IPUMS DHS Adds Men as a New Unit of Analysis

Women’s decisions about childbearing and healthy behaviors occur within family and community contexts. That’s why IPUMS DHS is excited to announce its most recent achievement: the incorporation of men as a unit of analysis!

African man holding baby

Men’s data in IPUMS DHS cover:

  • Background characteristics, such as ethnicity, education, and media exposure
  • Marriage and sexual activity
  • Family planning use, reproduction, and fertility desires
  • AIDS knowledge, HIV testing, other STIs, and condom use
  • Work and household decision-making
  • Attitudes toward female circumcision and domestic violence
  • Health behaviors (such as alcohol and tobacco use) and health care access

While the above variables mirror variables for women, some questions are only asked of men (e.g., whether a man has the right to get angry, withhold financial support, use force, or have an affair if his wife refuses to have sex).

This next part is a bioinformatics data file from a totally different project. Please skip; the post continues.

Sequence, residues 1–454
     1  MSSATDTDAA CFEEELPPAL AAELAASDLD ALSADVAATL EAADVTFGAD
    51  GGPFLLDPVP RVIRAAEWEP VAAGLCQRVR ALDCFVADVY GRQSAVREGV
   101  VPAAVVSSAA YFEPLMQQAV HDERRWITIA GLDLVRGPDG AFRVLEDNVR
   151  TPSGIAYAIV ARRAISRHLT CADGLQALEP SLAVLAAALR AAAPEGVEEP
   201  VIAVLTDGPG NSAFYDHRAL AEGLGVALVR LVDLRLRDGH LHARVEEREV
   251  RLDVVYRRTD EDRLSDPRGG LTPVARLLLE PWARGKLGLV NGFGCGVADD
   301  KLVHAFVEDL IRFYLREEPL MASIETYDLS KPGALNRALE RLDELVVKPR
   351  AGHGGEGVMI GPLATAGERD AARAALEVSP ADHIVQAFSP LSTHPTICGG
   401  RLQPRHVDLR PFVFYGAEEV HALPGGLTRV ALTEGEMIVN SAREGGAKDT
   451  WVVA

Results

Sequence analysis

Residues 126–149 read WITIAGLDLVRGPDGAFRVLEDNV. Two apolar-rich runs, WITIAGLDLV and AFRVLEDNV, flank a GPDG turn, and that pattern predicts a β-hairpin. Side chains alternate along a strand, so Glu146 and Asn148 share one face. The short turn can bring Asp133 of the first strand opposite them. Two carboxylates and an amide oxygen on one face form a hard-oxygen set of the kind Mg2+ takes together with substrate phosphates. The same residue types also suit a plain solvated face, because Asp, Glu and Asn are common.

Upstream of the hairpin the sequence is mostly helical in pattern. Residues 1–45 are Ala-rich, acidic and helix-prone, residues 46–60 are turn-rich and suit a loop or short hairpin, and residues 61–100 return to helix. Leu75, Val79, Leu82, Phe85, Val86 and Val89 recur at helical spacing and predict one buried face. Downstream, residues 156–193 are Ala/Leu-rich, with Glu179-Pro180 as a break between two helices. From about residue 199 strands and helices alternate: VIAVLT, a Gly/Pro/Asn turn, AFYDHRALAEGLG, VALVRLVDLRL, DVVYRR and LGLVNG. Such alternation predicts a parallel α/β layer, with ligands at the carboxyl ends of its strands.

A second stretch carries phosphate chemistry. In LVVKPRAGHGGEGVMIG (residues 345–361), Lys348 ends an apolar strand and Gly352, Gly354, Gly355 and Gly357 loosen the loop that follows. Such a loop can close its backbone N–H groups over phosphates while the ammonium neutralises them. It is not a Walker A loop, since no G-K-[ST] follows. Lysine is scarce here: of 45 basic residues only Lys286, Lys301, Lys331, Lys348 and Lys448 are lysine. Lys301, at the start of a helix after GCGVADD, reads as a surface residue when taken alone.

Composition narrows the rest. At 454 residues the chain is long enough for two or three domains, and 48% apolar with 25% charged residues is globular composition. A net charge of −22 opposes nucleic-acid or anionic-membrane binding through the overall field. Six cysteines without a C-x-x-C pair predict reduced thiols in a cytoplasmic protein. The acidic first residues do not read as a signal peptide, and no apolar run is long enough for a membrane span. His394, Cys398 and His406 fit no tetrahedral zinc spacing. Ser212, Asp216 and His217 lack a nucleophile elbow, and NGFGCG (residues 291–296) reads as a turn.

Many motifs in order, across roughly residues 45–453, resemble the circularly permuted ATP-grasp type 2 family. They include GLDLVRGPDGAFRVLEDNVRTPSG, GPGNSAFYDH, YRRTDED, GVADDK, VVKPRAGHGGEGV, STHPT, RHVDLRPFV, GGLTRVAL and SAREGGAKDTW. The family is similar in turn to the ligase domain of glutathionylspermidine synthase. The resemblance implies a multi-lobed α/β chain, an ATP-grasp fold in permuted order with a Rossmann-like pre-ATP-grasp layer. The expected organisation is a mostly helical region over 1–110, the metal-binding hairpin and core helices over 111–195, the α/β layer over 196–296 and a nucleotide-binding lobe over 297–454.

If you want to jump right in and begin using the men’s variables today, here are a few technical details. IPUMS DHS usually uses the same name for men’s variables as for women’s variables but adds an “MN” at the end (e.g., IDEALKID for women, IDEALKIDMN for men). As always, users have the option of displaying the mnemonic IPUMS variable names (IDEALKIDMN) or the original DHS variable names (MV613) on the “Select Data” display pages for IPUMS DHS.

Who was included in the DHS men’s surveys varies, so checking the “Universe” tab in the variable descriptions is especially important when analyzing these data.

Approximately 120 of the 156 samples currently in IPUMS DHS include data collected from men.

If you love these new data, let us know. If you have any questions about the men’s data, let us know that too!

Story by Miriam L. King
Integrated Demographic and Health Surveys (IPUMS DHS) project

 

Research reported in this publication was supported by the Eunice Kennedy Shriver National Institute Of Child Health & Human Development of the National Institutes of Health under Award Number R01HD069471. The content is solely the responsibility of the authors and does not necessarily represent the official views of the National Institutes of Health.

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